Acupuncture and Fitness
When we think of Acupuncture, we often tend to think of a sedentary older person with a bad back who has tried everything else. And now he's going to seek relief by having a bunch of needles stuck in his back.
While this is an accurate picture as far as it goes, the pain relieving aspects of acupuncture are the veritable tip of the needle, so to speak, of this ancient Chinese healing art.
Acupuncture's origins are shrouded in history, but one thing is certain, it goes back thousands of years. The earliest surviving reference we have to acupuncture is in the Nei Ching, traditionally ascribed to Huang Ti, the legendary Yellow Emperor (2698-2598 B.C.).
Well known in Europe by the early 19th century, acupuncture was virtually unknown in this country until fairly recently. Most Americans became familiar with acupuncture when President Nixon made his historic visit to China in the early 1970's. At that time we saw dramatic footage of a patient eating an orange during open heart surgery. The anesthesiologist was an acupuncturist; his anesthesia: a few well placed needles.
Needless to say, this generated a lot of interest in America, and licensing of trained acupuncturists was begun in California in the mid 1970's.
According to certified acupuncturist Shoshanna Katzman, there is a national licensing authority: The National Commission for the Certification of Acupuncturists, which is used as the standard for licensure in many states. In addition, several states have their own acupuncture examining boards that set the licensing procedure for these states. Ms. Katzman studied acupuncture under Michael Tierra and Miriam Lee in California and is a graduate of the Tri-State Institute of Traditional Chinese Medicine's Clinical Acupuncture Program. In addition to having her national license, she is state certified in both New Jersey and California.
When asked how acupuncture could be of use to today's natural bodybuilder or athlete, Ms. Katzman indicated that acupuncture can be used to increase energy, in the loss or gaining of weight, increased circulation, toning of muscle, suppression of appetite, stress reduction, and to promote vibrant good health. In addition, in the event of injury, acupuncture can be used for more than just pain. It can be used to increase flexibility, reduce swelling in the injured area, and promote the healing process, permitting bodybuilders and other athletes to get back to their training after a shorter healing interval.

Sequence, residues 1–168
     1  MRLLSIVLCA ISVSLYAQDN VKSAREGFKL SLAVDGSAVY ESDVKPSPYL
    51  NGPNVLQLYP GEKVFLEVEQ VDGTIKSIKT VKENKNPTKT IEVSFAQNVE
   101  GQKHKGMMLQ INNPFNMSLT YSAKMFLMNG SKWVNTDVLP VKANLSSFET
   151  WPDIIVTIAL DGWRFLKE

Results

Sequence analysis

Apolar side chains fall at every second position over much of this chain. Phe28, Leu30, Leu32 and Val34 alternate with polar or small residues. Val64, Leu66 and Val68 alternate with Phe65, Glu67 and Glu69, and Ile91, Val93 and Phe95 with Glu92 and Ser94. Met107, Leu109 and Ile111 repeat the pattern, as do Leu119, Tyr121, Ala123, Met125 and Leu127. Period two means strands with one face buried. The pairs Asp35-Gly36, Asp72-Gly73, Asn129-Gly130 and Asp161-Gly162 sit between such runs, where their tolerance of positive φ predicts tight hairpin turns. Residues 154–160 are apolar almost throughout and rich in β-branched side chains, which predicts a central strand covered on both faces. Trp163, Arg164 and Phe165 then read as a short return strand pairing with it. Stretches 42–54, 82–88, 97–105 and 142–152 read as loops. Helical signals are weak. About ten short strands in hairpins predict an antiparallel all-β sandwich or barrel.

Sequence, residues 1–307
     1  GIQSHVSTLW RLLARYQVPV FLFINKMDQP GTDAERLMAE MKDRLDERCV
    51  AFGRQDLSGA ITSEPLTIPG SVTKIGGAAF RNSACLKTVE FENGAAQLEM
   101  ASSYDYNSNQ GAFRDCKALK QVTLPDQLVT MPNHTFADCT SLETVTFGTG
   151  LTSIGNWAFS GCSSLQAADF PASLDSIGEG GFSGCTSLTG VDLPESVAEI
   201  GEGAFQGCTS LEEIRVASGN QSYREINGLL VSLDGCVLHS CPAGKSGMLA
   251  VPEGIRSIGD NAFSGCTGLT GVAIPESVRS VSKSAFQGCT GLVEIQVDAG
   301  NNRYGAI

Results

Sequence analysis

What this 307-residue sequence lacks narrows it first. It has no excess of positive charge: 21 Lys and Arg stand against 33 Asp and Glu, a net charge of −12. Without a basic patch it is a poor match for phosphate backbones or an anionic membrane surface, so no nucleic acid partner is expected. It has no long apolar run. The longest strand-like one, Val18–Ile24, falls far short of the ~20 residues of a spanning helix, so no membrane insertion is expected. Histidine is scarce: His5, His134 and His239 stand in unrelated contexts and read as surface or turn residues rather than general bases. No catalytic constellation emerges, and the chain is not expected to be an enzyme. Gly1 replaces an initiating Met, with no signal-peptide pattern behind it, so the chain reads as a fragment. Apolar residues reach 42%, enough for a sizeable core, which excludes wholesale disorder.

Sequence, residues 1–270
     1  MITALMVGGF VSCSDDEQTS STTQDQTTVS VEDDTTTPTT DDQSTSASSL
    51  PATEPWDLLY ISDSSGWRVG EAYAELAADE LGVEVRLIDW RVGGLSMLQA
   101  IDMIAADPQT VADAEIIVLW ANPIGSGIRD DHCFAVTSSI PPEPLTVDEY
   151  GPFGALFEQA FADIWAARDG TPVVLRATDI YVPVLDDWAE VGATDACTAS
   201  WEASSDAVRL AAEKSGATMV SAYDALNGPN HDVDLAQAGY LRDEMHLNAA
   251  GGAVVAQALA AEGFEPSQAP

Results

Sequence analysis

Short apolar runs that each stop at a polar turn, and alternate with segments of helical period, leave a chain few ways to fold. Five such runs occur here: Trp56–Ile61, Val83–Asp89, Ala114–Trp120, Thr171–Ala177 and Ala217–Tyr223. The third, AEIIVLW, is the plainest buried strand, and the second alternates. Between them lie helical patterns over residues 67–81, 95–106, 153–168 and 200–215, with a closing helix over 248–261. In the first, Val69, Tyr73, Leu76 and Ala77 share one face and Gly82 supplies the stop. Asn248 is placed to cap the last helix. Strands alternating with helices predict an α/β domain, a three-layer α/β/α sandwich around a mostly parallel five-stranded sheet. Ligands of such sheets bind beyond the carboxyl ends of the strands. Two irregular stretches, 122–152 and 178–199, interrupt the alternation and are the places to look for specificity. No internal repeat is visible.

Acupuncture is based on the concept of energy flow throughout the body. There are 12 principle energy meridians in the body. Usually, problems develop when there is a congestion in the energy flow from these meridians to one or more of the body's organs. This congestion often contributes to the patient's disease.
When a patient comes in with a complaint, the acupuncturist first discovers the energy imbalances at the root of the problem. Based on that diagnosis, the acupuncturist develops a treatment plan to remedy the imbalance. Treatment is usually 1x per week for 10 to 15 weeks with a maintenance program of 4 times a year after that. However, if symptoms persist, the patient can engage in another course of weekly treatments after a two to four week rest from treatment.
Modern practitioners use safe, disposable, stainless steel needles. What we usually consider to be a needle in a doctor's office is actually a hollow tube through which a fluid is inserted into our bodies. Since the acupuncturist's needle is truly a needle, and not a tube, it is much thinner, and its insertion under the skin is painless.
For those of you still wondering about the benefits of acupuncture, and especially the painlessness of the needles, perhaps my own personal experience with acupuncture will be helpful.
I am an active person. I practice and teach Tai Chi, Karate and Ju Jitsu. I run, swim, and lift a few light weights, just to keep my muscle tone. I have an old back injury.
On my visit, Ms. Katzman took a careful history, which asked me what my problems were, but also included close questioning about my diet and physical activity patterns.
She then used several oriental diagnosis techniques to determine the causes of my problems. Then…on to the needles. They are indeed painless. In fact, there was no sensation at all of them going in. Once in, there was no pain, and I dozed on and off for the1/2 hour or so that the needles remained. The removal process was also painless.
But what a difference the treatment made! It was like someone had just turned down the volume on my pain. And there was an unanticipated side benefit too. My 14 to 16 hour work days had been leaving me exhausted and I was taking a one hour nap any afternoon I could spare the time. Immediately after treatment, I stopped feeling any need for afternoon naps. My energy level is now strong and smooth throughout my long and hectic day. I feel better than I have felt in years.
If you live in New York City and are interested in acupuncture treatments for sports injury, pain reduction or other chronic problems contact Mr. James Leporati, L. AC., 2572 East 15th Street, Brooklyn, New York 11235. (718) 769-8900.
If acupuncture is of interest to you and you would like to find an acupuncturist near you, please write to: Ms. Shoshanna Katzman, The Reynolds Building - 788 Shrewsbury Ave, Tinton Falls NJ 07724 Red Bank Acupuncture